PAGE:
The Iowa Association of Regular Baptist Churches has entered its ninth decade. Messengers from its 90 churches gathered in Nevada, Iowa on April 13-14. I had the opportunity to attend the meeting as a representative from Central Baptist Seminary. It was a bittersweet experience.
The sweetness came from a long history with the IARBC. At the end of 1968, my father moved our family to Ankeny, Iowa so that he could attend Faith Baptist Bible College. At thirteen years of age, I was in eighth grade. We became members of Ankeny Baptist Church, a congregation in fellowship with the IARBC.
While still in college, Dad accepted the pastorate of a church in Cambridge, Iowa. The sticky point was that this congregation was connected with the Reformed Presbyterian Church, Evangelical Synod (now part of the PCA). How Dad ended up in that pastorate is a story too long to tell here, but the church knew that they were getting a Baptist pastor who would lead them in a baptistic direction. As the church grew over the next couple of years, most of its unbaptized members submitted to the biblical ordinance of believer immersion. For the first of those baptisms we used the tank at Nevada Baptist Church. Only a tiny handful of the original members left, but many more came in. The church passed through a transition in which it voted out of RPCES to become an independent Bible church, then reorganized as Faith Baptist Church. Eventually it held a recognition council and sought fellowship with the Iowa Association of Regular Baptist Churches.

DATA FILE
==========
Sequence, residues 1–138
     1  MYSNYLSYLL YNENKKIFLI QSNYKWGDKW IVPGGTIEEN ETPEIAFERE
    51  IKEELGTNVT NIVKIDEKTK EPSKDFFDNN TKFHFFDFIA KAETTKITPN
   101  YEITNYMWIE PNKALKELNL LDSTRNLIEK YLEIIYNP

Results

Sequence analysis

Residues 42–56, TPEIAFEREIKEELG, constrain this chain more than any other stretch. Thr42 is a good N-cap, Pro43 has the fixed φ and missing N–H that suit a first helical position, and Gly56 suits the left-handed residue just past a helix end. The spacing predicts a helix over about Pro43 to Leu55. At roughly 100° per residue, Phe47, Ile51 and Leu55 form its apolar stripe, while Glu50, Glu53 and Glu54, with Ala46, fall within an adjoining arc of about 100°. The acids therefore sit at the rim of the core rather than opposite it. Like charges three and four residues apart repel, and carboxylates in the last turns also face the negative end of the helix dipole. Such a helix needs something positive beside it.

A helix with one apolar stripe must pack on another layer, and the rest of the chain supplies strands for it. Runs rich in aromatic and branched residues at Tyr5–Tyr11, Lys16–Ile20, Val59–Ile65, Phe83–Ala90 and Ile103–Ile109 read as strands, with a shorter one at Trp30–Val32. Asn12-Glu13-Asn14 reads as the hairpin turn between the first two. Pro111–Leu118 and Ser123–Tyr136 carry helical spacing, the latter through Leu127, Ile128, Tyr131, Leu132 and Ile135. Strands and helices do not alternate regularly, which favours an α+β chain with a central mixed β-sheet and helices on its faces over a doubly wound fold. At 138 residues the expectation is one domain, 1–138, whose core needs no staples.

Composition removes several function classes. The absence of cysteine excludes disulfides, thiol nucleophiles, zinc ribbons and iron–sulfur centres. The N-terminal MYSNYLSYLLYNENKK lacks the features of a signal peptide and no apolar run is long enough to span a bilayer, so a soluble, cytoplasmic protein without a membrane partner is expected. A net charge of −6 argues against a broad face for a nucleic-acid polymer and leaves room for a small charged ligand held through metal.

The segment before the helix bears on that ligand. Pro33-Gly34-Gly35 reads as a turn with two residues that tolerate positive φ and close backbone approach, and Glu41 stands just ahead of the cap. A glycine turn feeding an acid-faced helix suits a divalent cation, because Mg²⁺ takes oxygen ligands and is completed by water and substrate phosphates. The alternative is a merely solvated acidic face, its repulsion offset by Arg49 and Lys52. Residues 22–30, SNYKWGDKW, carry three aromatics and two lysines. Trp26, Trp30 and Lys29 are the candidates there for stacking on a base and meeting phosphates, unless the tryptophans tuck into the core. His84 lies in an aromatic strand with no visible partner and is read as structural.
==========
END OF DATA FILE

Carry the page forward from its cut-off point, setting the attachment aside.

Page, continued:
I graduated from Ballard Community High School the same spring that my father graduated from college. That fall I enrolled at Faith Baptist Bible College, and in January my parents moved to another pastorate in Webster City, Iowa. It was at FBBC that I met Debbie, Wright, the woman who would become my wife. It was also where God dealt with me about vocational Christian service. Before graduation from Faith, I served as interim pastor at First Baptist Church in Brayton, Iowa (Brayton is in the Danish part of Iowa).